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The word itself isn’t in the Senate rule book and only started to pop up in the 1850’s, but it does have a commonly accepted definition in modern-day Senate procedure.
A filibuster, as the Senate Historical Office considers it, is an effort to delay or block legislative action by preventing a vote.
There are a few types of filibusters, including the “talking filibuster” of “Mr. Smith Goes to Washington” fame, in which a senator takes the floor for hours (and hours) on end, going so far as to read the phone book or other lengthy literature to kill time, until the Senate leadership gives up and pulls the bill in question from the floor.
Those dramatic proceedings have been replaced with a much more common – almost routine – effort to block legislation, in which one senator objects to an up-or-down vote on a measure or confirmation, frequently signaling such intention behind the scenes. That, in modern practice, is what a “filibuster” usually entails and is what most senators refer to when they mention the maneuver.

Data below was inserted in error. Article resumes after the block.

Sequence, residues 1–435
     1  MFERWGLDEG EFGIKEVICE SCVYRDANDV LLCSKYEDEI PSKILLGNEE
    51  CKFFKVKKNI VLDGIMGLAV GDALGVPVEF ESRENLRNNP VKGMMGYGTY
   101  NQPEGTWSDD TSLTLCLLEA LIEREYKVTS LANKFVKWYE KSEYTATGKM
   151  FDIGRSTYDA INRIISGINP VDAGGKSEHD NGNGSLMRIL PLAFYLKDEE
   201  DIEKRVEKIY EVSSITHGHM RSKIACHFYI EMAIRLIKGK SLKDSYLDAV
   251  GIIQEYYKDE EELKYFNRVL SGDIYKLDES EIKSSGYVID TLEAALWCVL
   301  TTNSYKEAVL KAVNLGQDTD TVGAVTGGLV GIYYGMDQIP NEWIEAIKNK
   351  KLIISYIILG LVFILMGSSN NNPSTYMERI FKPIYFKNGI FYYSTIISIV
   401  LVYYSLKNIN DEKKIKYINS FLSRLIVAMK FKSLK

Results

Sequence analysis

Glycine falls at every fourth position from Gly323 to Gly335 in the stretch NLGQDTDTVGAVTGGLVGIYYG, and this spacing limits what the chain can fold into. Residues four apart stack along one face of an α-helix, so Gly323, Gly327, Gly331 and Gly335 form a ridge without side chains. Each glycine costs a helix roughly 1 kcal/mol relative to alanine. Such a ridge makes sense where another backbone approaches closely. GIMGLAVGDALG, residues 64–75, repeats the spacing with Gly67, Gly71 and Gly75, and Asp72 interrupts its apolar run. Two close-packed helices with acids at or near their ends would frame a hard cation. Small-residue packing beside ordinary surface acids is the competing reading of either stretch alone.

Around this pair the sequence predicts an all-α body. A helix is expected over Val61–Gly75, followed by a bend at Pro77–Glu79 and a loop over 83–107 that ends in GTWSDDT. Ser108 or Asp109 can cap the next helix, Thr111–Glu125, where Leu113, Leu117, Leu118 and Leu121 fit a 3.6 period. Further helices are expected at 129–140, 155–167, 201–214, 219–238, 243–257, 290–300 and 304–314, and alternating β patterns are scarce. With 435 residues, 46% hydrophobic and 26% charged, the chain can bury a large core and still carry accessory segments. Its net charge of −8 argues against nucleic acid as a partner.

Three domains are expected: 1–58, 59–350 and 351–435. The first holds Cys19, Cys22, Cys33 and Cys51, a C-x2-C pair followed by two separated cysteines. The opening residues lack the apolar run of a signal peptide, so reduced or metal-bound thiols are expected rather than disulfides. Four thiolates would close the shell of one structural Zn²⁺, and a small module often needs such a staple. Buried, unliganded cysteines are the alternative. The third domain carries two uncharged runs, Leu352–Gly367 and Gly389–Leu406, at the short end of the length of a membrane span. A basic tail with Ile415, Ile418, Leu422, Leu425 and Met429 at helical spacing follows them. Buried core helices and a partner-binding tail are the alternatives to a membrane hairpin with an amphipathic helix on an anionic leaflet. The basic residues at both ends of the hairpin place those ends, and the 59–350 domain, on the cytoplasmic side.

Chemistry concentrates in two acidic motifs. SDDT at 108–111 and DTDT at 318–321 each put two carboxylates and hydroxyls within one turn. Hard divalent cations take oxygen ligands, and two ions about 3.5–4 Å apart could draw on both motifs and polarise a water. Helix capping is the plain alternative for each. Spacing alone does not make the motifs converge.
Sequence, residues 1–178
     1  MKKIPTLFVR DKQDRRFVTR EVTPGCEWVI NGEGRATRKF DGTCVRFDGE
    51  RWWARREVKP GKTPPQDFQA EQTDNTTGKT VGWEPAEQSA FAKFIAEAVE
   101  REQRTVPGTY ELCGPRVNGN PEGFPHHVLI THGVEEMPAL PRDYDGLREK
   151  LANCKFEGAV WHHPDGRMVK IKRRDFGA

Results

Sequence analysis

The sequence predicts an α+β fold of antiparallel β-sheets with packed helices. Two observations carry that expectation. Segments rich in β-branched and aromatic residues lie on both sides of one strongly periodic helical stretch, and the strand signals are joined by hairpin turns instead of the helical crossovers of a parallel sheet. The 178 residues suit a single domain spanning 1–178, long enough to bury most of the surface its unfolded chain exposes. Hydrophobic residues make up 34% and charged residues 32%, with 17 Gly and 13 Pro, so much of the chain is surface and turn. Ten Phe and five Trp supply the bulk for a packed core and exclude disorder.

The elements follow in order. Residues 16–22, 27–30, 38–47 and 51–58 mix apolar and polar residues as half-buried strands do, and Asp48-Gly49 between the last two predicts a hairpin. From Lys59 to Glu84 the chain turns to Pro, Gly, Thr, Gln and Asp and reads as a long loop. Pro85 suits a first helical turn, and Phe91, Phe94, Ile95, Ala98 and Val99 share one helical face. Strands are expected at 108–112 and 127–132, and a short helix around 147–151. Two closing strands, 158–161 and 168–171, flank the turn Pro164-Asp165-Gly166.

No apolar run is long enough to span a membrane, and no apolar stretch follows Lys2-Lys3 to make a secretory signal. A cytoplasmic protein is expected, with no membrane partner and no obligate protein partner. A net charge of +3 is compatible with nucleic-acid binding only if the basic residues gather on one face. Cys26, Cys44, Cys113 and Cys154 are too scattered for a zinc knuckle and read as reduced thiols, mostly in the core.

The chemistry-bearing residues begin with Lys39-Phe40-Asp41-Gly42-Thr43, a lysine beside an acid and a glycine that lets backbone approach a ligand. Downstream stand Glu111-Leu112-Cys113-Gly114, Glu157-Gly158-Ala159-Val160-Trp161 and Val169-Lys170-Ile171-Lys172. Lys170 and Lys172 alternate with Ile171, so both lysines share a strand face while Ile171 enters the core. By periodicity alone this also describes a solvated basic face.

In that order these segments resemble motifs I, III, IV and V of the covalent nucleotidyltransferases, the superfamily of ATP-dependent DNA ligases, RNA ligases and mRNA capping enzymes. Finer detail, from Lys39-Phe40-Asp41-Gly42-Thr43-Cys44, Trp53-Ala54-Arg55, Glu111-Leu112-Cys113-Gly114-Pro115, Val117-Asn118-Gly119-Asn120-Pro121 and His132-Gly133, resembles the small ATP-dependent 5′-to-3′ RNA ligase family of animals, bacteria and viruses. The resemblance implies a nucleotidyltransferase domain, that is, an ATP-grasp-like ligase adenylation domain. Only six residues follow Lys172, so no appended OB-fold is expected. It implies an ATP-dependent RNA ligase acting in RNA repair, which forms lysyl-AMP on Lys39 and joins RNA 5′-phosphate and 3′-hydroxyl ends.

In this case, rather than proceed straight to the vote – for example, the Gorsuch confirmation, which only requires a simple majority – the Senate must first debate the measure, for up to two days, and then vote to end debate, which is known as a cloture vote.
This is what Senate Democrats are doing in the Gorsuch case. They have filibustered the confirmation vote, and under the current rules, Republicans do not have enough votes to break the filibuster, or pass the cloture vote, which requires 60 votes to confirm.
Invoking the “nuclear option,” as Majority Leader Mitch McConnell is expected to do Thursday, would limit the cloture threshold to 51 votes. Then, once the Senate advances the vote under the 51-vote rule, it would proceed to the confirmation vote, which only requires a simple majority.